The climbing is what we dreamed of. Probably the most fun 5.10 sport climbing I’ve ever experienced. We get into a flow of waking up early, climbing for a few hours, resting during the day, and then climbing in the evening. A cool breeze, a rising tide, and the woman of my dreams—all other previous misadventures fade away, and we fall in love with the experience.
The good days pass all too quickly, and suddenly it’s time to travel home. When we’re dropped off at the airport in Krabi, our taxi driver recommends we get a mask. “There’s a lot of Chinese in there,” she says.
We debate: was she being racist or cautious? The first case of the virus arrived the very same day we did, and now it’s spreading. We are disciplined and wash our hands vigorously.
After two long days of travel, we arrive back home. I’m more worried about coming back to winter than the threat of the virus. A month goes by, and soon the virus is a hazard to these United States. Trump famously says that it will go away like a miracle.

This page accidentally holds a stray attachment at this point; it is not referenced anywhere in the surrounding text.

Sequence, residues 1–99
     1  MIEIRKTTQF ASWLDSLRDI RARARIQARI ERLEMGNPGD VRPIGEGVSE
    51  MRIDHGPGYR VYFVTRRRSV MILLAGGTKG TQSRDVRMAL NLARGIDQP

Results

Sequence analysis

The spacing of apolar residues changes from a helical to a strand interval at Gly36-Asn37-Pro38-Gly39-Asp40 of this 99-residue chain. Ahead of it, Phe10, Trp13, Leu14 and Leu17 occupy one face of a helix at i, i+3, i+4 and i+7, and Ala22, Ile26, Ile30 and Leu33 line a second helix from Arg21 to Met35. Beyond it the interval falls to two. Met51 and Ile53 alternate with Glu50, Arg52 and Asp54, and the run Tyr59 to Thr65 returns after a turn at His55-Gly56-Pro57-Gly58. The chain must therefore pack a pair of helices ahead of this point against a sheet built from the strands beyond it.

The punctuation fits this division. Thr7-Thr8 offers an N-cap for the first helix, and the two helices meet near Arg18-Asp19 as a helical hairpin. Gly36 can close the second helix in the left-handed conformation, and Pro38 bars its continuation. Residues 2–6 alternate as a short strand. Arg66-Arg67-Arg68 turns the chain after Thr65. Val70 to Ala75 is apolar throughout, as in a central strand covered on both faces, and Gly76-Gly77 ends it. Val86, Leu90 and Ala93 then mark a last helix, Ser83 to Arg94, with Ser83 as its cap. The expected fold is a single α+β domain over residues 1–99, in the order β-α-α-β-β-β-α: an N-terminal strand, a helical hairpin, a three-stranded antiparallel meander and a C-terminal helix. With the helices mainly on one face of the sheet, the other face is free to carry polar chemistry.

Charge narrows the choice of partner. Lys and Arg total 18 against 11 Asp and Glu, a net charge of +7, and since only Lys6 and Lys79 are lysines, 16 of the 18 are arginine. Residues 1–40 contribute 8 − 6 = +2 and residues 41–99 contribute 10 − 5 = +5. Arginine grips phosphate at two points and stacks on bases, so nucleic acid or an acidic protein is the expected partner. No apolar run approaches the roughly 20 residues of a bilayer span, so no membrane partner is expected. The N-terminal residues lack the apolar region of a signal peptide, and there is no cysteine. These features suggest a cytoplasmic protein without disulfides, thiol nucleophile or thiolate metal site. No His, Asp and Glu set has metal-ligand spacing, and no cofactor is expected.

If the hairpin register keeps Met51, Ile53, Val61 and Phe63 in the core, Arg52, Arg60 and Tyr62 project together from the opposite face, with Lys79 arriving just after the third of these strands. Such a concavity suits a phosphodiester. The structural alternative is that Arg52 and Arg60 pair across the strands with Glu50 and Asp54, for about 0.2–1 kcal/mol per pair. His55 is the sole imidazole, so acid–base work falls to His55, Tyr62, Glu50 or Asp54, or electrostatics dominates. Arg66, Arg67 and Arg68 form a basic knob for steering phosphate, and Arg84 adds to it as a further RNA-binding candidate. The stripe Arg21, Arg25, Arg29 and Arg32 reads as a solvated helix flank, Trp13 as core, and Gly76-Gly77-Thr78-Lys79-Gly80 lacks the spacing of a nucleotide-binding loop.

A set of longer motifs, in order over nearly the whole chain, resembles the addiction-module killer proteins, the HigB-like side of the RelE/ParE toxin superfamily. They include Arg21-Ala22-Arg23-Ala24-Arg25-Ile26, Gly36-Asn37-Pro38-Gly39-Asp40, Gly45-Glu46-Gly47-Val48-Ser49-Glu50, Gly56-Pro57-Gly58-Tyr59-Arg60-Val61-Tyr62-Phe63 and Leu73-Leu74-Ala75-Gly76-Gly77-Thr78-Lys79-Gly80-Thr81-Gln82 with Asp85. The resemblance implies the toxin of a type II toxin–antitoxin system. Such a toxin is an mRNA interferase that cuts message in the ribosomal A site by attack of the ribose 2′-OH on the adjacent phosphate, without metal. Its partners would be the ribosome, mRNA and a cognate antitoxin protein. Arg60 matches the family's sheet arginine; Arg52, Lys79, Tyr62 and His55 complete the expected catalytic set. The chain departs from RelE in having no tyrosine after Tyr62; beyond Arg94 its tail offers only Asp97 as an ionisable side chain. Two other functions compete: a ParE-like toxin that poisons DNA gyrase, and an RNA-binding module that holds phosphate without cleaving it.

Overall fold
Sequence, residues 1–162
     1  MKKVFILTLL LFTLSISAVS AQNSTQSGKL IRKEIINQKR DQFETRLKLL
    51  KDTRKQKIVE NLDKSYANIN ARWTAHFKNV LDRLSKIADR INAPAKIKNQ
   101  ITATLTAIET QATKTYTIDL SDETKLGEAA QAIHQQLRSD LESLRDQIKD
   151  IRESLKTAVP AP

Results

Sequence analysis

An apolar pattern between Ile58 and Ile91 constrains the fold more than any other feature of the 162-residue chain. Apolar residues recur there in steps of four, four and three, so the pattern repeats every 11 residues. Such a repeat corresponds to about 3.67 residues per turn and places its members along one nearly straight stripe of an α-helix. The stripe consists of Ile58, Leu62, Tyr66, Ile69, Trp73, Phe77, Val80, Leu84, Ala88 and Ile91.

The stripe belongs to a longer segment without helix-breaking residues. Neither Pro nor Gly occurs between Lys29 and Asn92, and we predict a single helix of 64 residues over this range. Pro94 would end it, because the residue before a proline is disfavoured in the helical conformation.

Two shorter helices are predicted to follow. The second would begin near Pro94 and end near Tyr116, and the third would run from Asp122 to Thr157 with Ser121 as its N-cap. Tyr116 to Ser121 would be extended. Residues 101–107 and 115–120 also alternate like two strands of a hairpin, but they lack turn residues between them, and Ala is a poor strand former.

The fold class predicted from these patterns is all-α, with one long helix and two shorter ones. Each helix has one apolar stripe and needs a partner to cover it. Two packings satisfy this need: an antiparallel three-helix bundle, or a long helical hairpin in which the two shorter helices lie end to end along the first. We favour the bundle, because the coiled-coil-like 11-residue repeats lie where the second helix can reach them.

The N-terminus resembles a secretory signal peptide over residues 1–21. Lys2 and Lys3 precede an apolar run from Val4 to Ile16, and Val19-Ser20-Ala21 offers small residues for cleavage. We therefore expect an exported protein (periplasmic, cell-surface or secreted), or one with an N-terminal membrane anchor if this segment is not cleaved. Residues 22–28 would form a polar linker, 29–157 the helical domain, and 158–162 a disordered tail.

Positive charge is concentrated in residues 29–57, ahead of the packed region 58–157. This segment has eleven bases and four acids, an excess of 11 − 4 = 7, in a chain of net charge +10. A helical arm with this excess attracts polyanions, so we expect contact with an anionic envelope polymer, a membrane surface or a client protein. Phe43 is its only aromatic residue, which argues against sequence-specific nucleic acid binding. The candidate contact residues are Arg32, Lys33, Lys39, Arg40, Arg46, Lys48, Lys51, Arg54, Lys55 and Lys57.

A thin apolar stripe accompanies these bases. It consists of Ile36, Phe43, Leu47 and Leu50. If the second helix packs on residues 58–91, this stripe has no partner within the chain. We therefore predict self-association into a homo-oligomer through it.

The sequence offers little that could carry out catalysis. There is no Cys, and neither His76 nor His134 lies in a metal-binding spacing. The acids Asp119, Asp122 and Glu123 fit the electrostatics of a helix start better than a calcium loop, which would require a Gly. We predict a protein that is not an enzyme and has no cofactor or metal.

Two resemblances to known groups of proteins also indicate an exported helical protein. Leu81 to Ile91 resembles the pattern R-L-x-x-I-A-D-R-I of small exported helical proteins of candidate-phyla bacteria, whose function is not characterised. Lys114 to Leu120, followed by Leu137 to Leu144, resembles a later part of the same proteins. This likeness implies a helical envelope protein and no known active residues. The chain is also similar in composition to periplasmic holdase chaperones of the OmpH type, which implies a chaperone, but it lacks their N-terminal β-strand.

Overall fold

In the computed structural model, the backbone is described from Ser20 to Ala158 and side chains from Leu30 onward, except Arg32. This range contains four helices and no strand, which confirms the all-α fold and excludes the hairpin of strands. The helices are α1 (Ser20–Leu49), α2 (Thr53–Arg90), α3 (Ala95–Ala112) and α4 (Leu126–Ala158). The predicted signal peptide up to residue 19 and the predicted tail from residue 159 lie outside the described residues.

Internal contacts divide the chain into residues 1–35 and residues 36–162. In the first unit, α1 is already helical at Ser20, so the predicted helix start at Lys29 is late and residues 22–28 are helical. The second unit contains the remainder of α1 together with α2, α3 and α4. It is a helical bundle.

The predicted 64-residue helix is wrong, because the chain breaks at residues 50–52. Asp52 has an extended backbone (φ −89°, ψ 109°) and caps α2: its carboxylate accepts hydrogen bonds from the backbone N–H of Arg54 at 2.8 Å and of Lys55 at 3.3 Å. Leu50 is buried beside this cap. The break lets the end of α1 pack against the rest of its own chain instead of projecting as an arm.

Obviously that idiot was wrong. I can’t help but wonder if we had more responsible, educated leaders, if we could have gotten a handle on this situation with vigorous testing and more proactive actions, like they did in South Korea.
As I’m writing this, the first confirmed cases are being reported here in Durango, where we live and where Amber works as a nurse. I am sheltering in place and doing my best to be a responsible American. I am encouraging others to do the same. As climbers, we are known for being independent and nonconformist, but now is the time to get in line and conform, to seclude ourselves for the greater good of humanity and our already-stressed medical system.
Luke Mehall is the publisher of The Climbing Zine. He looks forward to seeing everyone on the other side of this pandemic. If you need to see his face right now, you can look for his daily “Message from Mehall” on Instagram and Facebook.
About us: The Climbing Zine was started in 2010 by Al Smith III and Luke Mehall. It continues to the day with the mission of representing the true essence of climbing. Our crown jewel is our printed version, but we also do the interweb thing, and Kindle.
We have also published six books: The Desert, Graduating From College Me, American Climber, The Great American Dirtbags , Climbing Out of Bed, and Squeak Goes Climbing In Yosemite National Park (a climbing children’s book) .